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O-san

Isometric shadow mapping

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Hello! It’s been awhile since I posted in the isometric forum. I just wanted to share pictures of the recent development of my editor and encourage others to make isometric games!  These screenshots are quite similar to the once I’ve posted in the past. The difference this time is shadow mapping. I’ve talked about it a long time and now I’ve managed to implement it. The shadows are not pixel perfect because the underlying geometry is not perfect. The world is build using boxes that are “projection mapped” (lacking a better word) with my 2D graphics. This results in some distortion of the shadows, but I think the result is quite pleasing nevertheless. Hope you enjoy the screenshots.

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Wow, they look exceptional! Really brings the world together.

Although the lighting that you have on the rest of it looks a bit like all of the edges have been smoothed out (Especially the bricks in the first shot), is that being looked at?

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Thanks for the replies!
Quote:
Original post by PlayfulPuppy
Wow, they look exceptional! Really brings the world together.

Although the lighting that you have on the rest of it looks a bit like all of the edges have been smoothed out (Especially the bricks in the first shot), is that being looked at?


Yes the normals are smoothed out to handle any shape of 2D graphic, but the bricks confines themselves very exactly to the underlying geometry so in that case I should probably used hard-edged normals. It shouldn't be that hard to incorporate, some sort of checkbox in the editor should do the trick. Thanks for pointing it out.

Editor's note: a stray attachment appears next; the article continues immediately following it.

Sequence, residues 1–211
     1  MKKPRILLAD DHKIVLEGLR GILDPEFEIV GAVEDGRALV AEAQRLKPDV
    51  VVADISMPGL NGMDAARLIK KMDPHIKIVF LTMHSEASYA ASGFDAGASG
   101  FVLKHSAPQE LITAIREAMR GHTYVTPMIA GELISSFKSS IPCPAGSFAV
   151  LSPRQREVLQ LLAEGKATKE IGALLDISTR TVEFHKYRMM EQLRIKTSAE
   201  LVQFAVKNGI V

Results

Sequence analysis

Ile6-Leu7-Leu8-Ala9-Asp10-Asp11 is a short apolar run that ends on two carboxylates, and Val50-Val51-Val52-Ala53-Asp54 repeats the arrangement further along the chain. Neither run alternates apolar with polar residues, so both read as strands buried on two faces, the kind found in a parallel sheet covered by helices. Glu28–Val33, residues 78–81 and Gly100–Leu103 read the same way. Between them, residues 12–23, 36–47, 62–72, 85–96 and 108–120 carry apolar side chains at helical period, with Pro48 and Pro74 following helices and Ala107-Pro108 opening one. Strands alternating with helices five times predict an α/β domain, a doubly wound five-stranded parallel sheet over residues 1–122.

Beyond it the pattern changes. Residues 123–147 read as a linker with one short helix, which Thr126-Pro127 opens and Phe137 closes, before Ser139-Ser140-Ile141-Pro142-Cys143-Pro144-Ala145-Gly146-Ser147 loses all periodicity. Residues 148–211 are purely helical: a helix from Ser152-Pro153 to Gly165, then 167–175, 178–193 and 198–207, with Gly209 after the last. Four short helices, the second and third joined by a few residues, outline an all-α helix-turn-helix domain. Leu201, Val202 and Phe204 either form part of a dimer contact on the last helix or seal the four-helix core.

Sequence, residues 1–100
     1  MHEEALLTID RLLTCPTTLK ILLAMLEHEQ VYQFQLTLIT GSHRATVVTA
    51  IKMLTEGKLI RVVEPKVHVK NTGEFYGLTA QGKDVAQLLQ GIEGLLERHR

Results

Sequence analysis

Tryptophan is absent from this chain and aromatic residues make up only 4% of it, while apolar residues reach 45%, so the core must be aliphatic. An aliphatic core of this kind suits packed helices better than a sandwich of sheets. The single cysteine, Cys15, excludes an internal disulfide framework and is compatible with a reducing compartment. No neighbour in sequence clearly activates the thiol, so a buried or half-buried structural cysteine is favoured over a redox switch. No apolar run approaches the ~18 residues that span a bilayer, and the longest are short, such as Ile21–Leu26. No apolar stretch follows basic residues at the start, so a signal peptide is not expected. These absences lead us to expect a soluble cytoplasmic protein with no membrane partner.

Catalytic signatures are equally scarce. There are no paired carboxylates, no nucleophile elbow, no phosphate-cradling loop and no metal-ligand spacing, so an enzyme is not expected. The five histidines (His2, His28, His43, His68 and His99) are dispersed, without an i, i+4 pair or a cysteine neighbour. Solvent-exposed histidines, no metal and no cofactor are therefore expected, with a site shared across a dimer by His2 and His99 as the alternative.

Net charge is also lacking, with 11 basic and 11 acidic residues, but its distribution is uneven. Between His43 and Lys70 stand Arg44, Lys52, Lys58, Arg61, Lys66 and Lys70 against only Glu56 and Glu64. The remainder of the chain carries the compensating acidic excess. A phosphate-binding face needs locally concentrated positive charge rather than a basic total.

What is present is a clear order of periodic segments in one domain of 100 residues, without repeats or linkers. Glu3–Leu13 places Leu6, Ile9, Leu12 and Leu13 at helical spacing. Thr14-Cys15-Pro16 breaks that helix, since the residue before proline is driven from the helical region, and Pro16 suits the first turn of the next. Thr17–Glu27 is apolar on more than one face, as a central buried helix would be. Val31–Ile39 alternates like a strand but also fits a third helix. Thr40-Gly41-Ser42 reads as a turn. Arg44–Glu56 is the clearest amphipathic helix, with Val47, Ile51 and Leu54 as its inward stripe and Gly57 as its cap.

Quote:
Original post by jonahrowley
Is that being done in real-time or is it pre-computed by the editor which spits out a new set of tiles?


It is real-time with one directional light casting shadow. With such a setup I get around 150 frames per second, when I add a point light (which casts no shadows) the frames drops to around 40-100 depending on how many objects are visible. At most I can have 4 point lights in the same area but that result in very poor fps. I think I will manage with the directional lighting in most cases and use point lights more sparsely.

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I've now added hard edged normals and I have to agree that it does look better


Indoor areas will definitely benefit from this. Thanks for the suggestion!

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Looking very nice !

Though I'm curious what is the difference between this and using a 3D engine? I think the lighting and shadow mapping must get pretty complicated at this point and I get that the speed is slower. Are you doing it for the graphical style or what? Nevertheless I think its great you are doing this.

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Quote:
Original post by Wrath
Looking very nice !

Though I'm curious what is the difference between this and using a 3D engine? I think the lighting and shadow mapping must get pretty complicated at this point and I get that the speed is slower. Are you doing it for the graphical style or what? Nevertheless I think its great you are doing this.


Thank you! Well... there really isn't much difference except I render my objects from 2D images instead of real 3D objects. The under laying engine of the isometric graphics shown above is an ordinary 3D engine. The difference lays in how I map my textures onto the objects.

I can draw all my isometric objects in an ordinary painting program; the detail level is not restricted by polygon count. For example this pillar can be drawn in Photoshop and rendered in game using 6 triangles; this speed up the manufacturing time of resources and uses fewer polygons than a real 3D object would... which results in faster frame rate. And yes, I also like the graphical style of isometric engines.

Another benefit of using 3D hardware is that the objects can be rendered without sorting them back to front and I also don’t need to cut them for the sorting to work. This was actually the main purpose why I switched from 2D to 3D. The development of a multi depth isometric engine can be a real headache without 3D hardware.

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